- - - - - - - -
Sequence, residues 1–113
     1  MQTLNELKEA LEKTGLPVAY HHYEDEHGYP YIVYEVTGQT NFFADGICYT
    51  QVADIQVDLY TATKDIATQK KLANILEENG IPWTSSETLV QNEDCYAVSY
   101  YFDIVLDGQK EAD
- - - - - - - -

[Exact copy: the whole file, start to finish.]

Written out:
Sequence, residues 1–113
     1  MQTLNELKEA LEKTGLPVAY HHYEDEHGYP YIVYEVTGQT NFFADGICYT
    51  QVADIQVDLY TATKDIATQK KLANILEENG IPWTSSETLV QNEDCYAVSY
   101  YFDIVLDGQK EAD